The driver has been asked to come by 7.30 am; but he turns up only an hour later. Then, another 40 minutes for breakfast at another Venus outlet, so it’s around 9.30 when we finally set out. On our driver S’s recommendation, we’ve experimented with one of the state’s unique sweets – no, not the rasgulla (over which Odisha fought with West Bengal for the GI tag and lost). This is another dish – it’s called Chenna Poda and is made out of fresh paneer and caramelized sugar. 
Forgot to take a photo while eating it. So this pic courtesy:
Sampling this, the taste and texture reminds me of a sweet I’ve eaten long, long ago in my mother’s native village. In our language – that’s a peculiar mix of Kannada, Tamil and sounds a wee bit like Tulu – the dish is called “Eenacchi”– and its prepared by using jaggery along with colostrum milk (the milk obtained from a cow that’s just given birth).

Getting back to our journey, today we’re headed to a few places located farther from Bhubaneshwar, and closer to Brahmapur (which was previously called Berhampur, because that’s how the Odia people pronounced it!).

I’m the unofficial tour organizer; so I’ve searched for information and found that there are 4 places of interest to us –

One, the Maa Taratarini temple which is a Shaktipeeth, located high on a hill, and accessible by a ropeway.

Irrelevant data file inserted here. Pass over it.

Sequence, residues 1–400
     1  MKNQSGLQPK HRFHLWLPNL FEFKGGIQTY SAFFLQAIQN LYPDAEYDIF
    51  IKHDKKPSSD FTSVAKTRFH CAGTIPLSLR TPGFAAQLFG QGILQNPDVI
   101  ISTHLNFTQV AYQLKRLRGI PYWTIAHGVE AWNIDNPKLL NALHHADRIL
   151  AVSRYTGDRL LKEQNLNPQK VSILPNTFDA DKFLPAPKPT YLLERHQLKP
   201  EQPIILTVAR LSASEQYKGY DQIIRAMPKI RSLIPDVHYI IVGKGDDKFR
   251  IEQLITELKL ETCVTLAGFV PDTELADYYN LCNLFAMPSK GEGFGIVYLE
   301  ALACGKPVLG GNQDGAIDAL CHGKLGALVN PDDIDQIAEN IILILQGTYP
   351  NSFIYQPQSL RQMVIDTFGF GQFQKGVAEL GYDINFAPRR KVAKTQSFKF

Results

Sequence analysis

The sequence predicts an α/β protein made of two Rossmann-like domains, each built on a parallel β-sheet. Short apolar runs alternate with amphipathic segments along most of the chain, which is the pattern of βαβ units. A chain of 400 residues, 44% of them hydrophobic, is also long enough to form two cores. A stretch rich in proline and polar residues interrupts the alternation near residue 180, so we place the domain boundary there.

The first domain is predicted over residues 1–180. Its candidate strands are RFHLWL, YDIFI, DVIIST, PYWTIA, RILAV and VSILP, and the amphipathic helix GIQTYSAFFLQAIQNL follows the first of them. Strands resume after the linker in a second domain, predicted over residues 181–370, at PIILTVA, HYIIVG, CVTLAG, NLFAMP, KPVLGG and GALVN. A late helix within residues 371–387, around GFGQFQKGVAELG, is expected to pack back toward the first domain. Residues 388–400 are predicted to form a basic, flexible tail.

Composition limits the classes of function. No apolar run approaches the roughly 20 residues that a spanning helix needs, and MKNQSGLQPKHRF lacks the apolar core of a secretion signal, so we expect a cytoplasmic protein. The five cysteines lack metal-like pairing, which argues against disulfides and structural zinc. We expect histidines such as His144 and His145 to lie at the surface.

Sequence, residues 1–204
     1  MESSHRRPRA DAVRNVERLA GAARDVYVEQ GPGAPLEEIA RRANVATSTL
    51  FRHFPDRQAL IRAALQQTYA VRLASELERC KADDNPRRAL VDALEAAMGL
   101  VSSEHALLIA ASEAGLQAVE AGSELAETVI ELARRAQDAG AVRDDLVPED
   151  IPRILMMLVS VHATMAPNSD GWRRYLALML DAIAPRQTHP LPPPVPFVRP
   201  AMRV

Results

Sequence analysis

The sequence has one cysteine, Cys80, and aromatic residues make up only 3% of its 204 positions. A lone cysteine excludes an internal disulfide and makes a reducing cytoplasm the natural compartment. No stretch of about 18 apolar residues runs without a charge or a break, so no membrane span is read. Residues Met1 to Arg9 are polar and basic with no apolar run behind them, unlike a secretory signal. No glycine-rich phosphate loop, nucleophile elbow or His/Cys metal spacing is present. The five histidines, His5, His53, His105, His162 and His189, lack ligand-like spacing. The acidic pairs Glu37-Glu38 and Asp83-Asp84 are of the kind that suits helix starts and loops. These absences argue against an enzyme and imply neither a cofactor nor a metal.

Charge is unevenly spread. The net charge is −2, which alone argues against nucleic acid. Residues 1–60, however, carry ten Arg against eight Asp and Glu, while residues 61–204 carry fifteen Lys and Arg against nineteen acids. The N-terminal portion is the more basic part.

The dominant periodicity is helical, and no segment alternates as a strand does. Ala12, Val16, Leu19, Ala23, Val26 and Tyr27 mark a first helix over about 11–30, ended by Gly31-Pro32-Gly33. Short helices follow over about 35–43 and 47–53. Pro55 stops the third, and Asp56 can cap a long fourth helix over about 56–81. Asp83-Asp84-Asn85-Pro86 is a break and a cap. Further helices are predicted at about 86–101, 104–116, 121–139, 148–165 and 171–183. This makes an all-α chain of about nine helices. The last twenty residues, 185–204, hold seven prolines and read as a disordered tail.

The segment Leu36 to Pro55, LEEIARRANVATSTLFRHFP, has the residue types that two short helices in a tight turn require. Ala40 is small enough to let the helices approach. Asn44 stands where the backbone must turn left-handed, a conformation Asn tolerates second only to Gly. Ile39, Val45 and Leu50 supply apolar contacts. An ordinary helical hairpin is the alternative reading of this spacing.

Two – a natural hot spring called Taptapaani, the waters of which are reputed to be having medicinal value

Three – Gopalpur beach 

Four – Chilka lake, which is famous as Asia’s largest salt-water lagoon, and it hosts a hundred odd species of migratory birds that arrive from Russia, Mongolia and the Himalayas.

First, we head for the Maa Taratarini temple. One interesting thing I notice – there is a toll to be paid at one point. The one-way fare is Rs. 70/- and two-way fare is Rs. 120/- but S mentions he’s a local, and so, we get charged only Rs. 40/- one way. S explains this is an internal arrangement; hubby says it’s possible because the payment is not yet automated/digitalized. I have mixed feelings – is it cheating the government, or is it a supportive measure designed to help taxi operators like S save on their meager incomes?
We pass through such green, isolated places en route 
 After driving for what seems like ages, we finally reach the point from where the ropeway goes up. There are steps to climb up the Kumari hill on which the temple is located. There’s a motorable road and one can drive up too, but we want to experience the ropeway – we’ve only done this once before at Haridwar, while going up to the Mansa Devi temple. 
The contraption that controls the ropeway
Note the two cable cars at the top left of the pic - they travel in opposite directions

It’s an exhilarating ride, with a lovely 360-degree view of the fields, the houses, the forest, and a river.
Beyond the green, note the blue line cutting horizontally across the centre of the pic - that's the Rushikulya river, which Google tells me, is considered to be the elder sister of the river Ganga.